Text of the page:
Rainforest Meets Reef on This Epic Four-wheel-drive Road Trip Through Queensland
You’re high up and behind the wheel of a four-wheel-drive vehicle, built for adventure. A seemingly endless jungle is to your left, while on your right is a view out to the Coral Sea. Heading toward a forest that’s existed for more than 150 million years, the view ahead as you travel the Great Barrier Reef Drive makes this an Aussie road trip of a lifetime — it’s where the rainforest meets the reef.
From the Tropical North Queensland city of Cairns to stunning Cape Tribulation, here’s where you want to stop along the way.
While you’re technically not quite out of Cairns yet, this picturesque beachside ’burb deserves a pitstop. Grab a coffee and a spot of “brekkie” (that’s Australian for breakfast) along Williams Esplanade, which boasts a variety of cafes, including Espresso & Co. Walk it off along the palm-lined beach before hitting the Captain Cook Highway.
Next stop is Port Douglas, a sophisticated beach town, beloved for its stylish restaurants and shops as much as for its idyllic setting. Make your way to Island Point Lookout at the top of Flagstaff Hill — breathtaking views of Four Mile Beach and the Coral Sea await.
Barely 30 minutes along the road, you’ve reached the gateway to the UNESCO World Heritage-listed Daintree Rainforest. Explore the area with Ngadiku Dreamtime Walk, where indigenous guides share forest stories dating back thousands of years and take visitors to culturally significant sites. Self-guided walks are also an option; choose a route that best suits your ability and mood, whether it’s to the lookout over the Mossman River or over the Rex Creek suspension bridge. Back at the Mossman Gorge Centre, find art by local Kuku Yalanji artists and refreshments for the journey ahead.
Continuing deeper into the rainforest, it’s time to veer slightly inland toward Daintree River Cruise Centre. See the forest from a new perspective, and keep an eye out for crocs. Operated by the Lafferty family since 1987, the company has an advanced ecotourism certification and its guides boast an encyclopedic knowledge of local flora and fauna. In addition to crocodiles, other critters who call this area home include green pythons, platypus, kangaroos, and 430 bird species.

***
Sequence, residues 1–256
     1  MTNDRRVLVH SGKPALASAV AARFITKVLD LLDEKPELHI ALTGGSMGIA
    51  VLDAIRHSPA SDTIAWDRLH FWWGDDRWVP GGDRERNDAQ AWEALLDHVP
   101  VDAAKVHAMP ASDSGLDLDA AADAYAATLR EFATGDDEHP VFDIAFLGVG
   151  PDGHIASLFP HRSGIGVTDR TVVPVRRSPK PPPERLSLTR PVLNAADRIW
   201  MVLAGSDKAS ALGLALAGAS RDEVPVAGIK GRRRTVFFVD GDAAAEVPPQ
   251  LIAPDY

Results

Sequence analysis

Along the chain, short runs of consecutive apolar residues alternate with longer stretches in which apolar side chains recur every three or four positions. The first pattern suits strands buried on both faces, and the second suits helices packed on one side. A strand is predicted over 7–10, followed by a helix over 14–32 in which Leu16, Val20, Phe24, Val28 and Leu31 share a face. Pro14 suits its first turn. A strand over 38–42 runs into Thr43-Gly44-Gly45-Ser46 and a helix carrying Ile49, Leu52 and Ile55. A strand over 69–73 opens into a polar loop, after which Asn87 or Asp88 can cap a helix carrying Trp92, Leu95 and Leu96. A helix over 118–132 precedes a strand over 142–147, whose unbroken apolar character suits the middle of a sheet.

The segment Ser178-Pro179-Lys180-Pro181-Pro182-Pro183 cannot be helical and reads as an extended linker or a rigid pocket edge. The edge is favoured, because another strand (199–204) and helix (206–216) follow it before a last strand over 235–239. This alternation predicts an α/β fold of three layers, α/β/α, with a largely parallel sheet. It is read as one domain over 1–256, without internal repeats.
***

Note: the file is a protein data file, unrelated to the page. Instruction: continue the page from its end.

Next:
Take the ferry over the Daintree River as you continue toward the Daintree Discovery Centre in Cow Bay. “You feel like you are entering an ancient world, a real living museum,” the Discovery Centre’s Abi Ralph told Travel + Leisure.
Take in the unspoilt view of the ancient forest at the top of the 75-foot canopy tower and experience the aerial walkway, 36 feet above the rainforest floor. Keep your eyes peeled for the endangered (and potentially dangerous) Cassowary bird, which is sometimes spotted along McLean’s Creek. “Cassowaries are territorial and the Discovery Centre is lucky to be part of many cassowaries habitat as they regularly wander through the property,” Ralph explained. “The key to spotting a cassowary is to spend some time in the rainforest, slow down and look hard. Cassowaries are extremely well camouflaged even though they are are large bird and do not make much noise.”
If you are lucky enough to spot a cassowary in the wild, Ralph advised to give it plenty of space and stay calm. “They will usually just wander through eating fruit as they go,” Ralph said.
Step into a postcard picture as you arrive at your final destination. For all its popularity, Cape Tribulation still feels secluded, and you may be surprised to be the only person walking its beaches — sometimes it may feel like you’re the first. A horseback ride through pristine waters is a perfect way to enjoy the scenery and a perfect conclusion to your tropical adventure. “With no buildings in sight, it truly feels as though you have traveled back in time,” Cape Trib Horse Rides’ Morgan Pettersson told T+L. “With the beach stretching out in front of you and the dramatic rainforest mountains as a backdrop, many people say that it feels as though you are on the set of the movie 'Jurassic Park.'"
Things to Know
Cape Tribulation is where the sealed road ends, and what lies beyond (Cooktown, about 65 miles north) is for experienced four-wheel-drivers only.
The 112-mile drive back to Cairns from Cape Tribulation — without stops — takes roughly 2.5 hours.
Some international routes fly directly into Cairns, but the nearest capital city on the east coast is Brisbane. It’s a two-and-a-half-hour flight from the Queensland capital, three hours from Sydney, and three-and-a-half hours from Melbourne.
When to Go
The road trip can be done at any time of year, but keep in mind that the region’s wet season (December through March) is particularly hot and humid, with potentially frequent torrential downpours. April through November may be a more manageable climate. The road between Cairns and Cape Tribulation can be driven with a regular car, if desired.
Particularly in remote areas, but also anywhere near water, be aware of your surroundings and keep an eye out for crocodile signs. Always check with local authorities before swimming.